When I joined my first job in April 2009, it…
I thought of multiple headlines before writing this article. One of them was Marketing mistakes made by tech entrepreneurs. I was all set to write it under this headline until I spoke to Sumeet Mehta, Founder, Cardpe, a merchant aggregator for physical transactions which helps small businesses to accept card based payments. His company went operational in February this year. When I asked him about his marketing approach till now, he said, “Marketing is needed only for products that don’t sell easily. There is a difference between marketing and selling. One must first try and sell the product to the customer. That is what we did. There is a problem if no one wants to buy your product. Then you see what is missing and fill the gap.” The selling process for Cardpe started in October last year, even before the product was operational and today it has 1000 merchants as customers using the product. The company spends zero budget on marketing.
I agree with Sumeet Mehta to an extent but I do feel that marketing becomes a necessity to grow for a business, once a product reaches a particular scale. Then marketing includes advertising costs and other digital marketing techniques. While you can have the first few customers on the basis of intimate selling, the big customer base needs the marketing tinge.
Over a span of last three months, I also spoke to a bunch of tech entrepreneurs who have built products and had great ideas. There was a common mistake they made- first building the full product and then trying to sell it. For instance, Sunil Patro, Founder, SignEasy shares his early days as an entrepreneur,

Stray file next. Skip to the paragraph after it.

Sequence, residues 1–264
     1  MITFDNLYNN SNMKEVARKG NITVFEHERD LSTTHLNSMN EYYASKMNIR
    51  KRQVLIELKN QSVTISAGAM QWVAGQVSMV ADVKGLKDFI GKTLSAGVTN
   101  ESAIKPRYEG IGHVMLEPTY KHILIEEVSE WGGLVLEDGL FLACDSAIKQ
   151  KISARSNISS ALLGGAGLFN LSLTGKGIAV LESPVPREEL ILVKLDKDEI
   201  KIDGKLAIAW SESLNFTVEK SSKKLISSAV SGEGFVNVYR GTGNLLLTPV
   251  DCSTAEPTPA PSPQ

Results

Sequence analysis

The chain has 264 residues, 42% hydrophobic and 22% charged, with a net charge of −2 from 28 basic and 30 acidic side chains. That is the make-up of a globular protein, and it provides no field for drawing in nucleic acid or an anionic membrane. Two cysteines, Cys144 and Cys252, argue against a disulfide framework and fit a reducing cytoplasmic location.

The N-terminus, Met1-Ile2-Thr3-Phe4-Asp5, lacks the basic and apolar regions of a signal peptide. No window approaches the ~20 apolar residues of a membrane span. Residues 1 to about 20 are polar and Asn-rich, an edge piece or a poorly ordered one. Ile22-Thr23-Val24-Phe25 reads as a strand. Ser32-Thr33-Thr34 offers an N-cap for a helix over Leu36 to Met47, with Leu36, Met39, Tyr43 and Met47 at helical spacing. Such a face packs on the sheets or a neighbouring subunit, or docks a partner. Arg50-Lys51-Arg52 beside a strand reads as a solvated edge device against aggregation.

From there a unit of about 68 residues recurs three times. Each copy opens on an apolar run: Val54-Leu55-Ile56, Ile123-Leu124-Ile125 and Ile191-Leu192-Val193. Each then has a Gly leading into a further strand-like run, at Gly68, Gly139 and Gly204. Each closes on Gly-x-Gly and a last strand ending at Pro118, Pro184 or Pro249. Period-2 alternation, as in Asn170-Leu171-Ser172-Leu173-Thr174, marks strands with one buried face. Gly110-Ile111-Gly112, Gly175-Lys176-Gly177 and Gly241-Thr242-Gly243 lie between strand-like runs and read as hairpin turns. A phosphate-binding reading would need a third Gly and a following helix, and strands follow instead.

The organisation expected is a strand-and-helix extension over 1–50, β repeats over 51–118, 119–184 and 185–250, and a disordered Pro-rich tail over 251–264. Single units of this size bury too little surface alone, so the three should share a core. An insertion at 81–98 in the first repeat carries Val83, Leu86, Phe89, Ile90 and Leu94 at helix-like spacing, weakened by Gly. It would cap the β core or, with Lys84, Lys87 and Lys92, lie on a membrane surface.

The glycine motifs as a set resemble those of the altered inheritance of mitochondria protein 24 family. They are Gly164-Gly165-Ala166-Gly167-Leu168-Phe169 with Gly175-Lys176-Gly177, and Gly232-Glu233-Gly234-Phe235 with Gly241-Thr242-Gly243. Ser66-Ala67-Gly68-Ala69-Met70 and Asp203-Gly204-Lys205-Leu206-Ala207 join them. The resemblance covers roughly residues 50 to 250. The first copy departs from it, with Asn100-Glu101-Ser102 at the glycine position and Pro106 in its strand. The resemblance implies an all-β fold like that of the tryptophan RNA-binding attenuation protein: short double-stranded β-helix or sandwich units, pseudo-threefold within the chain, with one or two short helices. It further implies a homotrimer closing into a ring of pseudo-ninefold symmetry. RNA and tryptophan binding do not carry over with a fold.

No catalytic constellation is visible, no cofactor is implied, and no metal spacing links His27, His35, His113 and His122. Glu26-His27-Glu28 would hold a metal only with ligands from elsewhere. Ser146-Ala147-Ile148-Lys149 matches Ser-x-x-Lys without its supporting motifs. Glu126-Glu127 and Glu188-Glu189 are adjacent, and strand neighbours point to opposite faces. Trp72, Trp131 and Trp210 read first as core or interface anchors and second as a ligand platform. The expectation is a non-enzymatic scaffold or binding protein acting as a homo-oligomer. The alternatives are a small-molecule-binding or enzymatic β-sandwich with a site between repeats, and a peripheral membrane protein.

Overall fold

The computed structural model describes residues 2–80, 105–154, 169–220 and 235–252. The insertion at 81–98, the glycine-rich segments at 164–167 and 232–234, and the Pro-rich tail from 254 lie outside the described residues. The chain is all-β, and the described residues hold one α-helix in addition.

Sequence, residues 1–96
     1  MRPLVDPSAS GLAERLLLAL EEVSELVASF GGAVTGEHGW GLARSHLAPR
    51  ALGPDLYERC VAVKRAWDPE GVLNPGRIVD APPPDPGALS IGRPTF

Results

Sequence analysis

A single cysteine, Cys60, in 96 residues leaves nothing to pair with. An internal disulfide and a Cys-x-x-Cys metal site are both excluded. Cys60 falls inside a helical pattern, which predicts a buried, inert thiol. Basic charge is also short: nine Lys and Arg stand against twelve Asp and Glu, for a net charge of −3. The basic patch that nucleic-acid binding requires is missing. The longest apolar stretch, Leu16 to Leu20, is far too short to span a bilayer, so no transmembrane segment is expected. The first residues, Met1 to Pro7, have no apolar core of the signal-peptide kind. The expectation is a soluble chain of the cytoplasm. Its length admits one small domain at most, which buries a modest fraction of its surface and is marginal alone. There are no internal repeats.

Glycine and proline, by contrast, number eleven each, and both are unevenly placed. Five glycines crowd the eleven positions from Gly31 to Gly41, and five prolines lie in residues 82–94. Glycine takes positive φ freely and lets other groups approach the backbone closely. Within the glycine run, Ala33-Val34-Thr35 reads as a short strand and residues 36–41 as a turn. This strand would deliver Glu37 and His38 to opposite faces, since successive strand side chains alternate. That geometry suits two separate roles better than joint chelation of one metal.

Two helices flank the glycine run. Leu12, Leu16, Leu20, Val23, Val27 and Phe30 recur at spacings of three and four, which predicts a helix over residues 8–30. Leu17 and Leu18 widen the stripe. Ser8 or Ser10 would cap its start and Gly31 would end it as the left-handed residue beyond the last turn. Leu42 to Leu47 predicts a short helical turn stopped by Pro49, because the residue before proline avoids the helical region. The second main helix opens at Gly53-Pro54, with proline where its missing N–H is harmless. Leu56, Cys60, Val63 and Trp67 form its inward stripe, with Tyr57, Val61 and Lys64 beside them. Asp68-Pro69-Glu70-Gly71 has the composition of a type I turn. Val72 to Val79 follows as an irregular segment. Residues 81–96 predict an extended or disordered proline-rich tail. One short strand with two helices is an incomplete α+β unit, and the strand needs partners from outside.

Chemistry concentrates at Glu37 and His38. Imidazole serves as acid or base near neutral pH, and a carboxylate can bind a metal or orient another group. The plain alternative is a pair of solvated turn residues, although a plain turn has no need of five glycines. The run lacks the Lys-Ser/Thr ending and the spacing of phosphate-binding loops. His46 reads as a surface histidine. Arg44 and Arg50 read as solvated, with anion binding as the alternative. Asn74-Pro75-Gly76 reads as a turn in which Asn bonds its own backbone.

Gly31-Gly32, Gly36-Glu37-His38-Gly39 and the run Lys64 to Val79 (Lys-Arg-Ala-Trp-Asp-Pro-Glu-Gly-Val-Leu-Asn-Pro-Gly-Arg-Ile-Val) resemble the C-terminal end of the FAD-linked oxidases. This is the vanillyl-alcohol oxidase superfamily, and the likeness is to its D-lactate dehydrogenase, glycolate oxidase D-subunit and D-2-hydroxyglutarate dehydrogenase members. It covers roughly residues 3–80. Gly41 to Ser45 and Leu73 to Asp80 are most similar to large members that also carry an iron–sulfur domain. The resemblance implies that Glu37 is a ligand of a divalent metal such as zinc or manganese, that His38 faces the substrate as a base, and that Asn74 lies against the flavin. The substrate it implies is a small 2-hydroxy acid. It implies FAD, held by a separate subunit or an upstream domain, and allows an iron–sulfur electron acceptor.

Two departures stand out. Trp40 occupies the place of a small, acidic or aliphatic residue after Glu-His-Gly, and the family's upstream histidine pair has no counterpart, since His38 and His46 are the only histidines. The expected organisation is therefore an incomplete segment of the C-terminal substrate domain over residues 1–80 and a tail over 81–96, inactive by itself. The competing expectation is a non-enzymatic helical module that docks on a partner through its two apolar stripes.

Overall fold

“We as engineers think that once we have made the product, people will discover it themselves and will pay for it. But that is not true. You need to create a user base and stay close to their feedback constantly.”
Starting up, building a product and putting it on Google Playstore is not as difficult these days. The catch is to have something that people want to pay for. Arpit Mehta, who is a part of the leadership team at Cleartax talks about his previous startup and agrees to the selling technique of Cardpe, “One must figure out the marketing /sales before building the product. Even sell the product before you actually build it. Someone paying for the idea or concept is the best validation. In my previous startup which was an e-learning company, we did our first sales pitch on a mere PPT. Then we developed high end animations and simulations, once we validated the product through the needs of the customer.” It is always useful to go and pitch your idea to customers and keep adding features to your product.
There are numerous ways through which you could start selling initially. The most common is through strategic partners and existing networks. Remember how most of us started using PayTm in 2014? The smart step by PayTm then was a tie-up with Uber which got so many of us as early adopters of PayTm. Automatic PayTm accounts were created for Uber users. Good idea to identify such strategic partners and then leverage through its user base.
Early adopters of the product are usually family and friends, and it is often word of mouth that spreads and makes others use the product. One of the most effective growth hack techniques is referrals where you incentivize the customer who refers another one. It need not necessarily be monetary incentives. It can be free use of your product for an extended period as an incentive. Sampad Swain, CEO and co-founder, Instamojo Technologies says,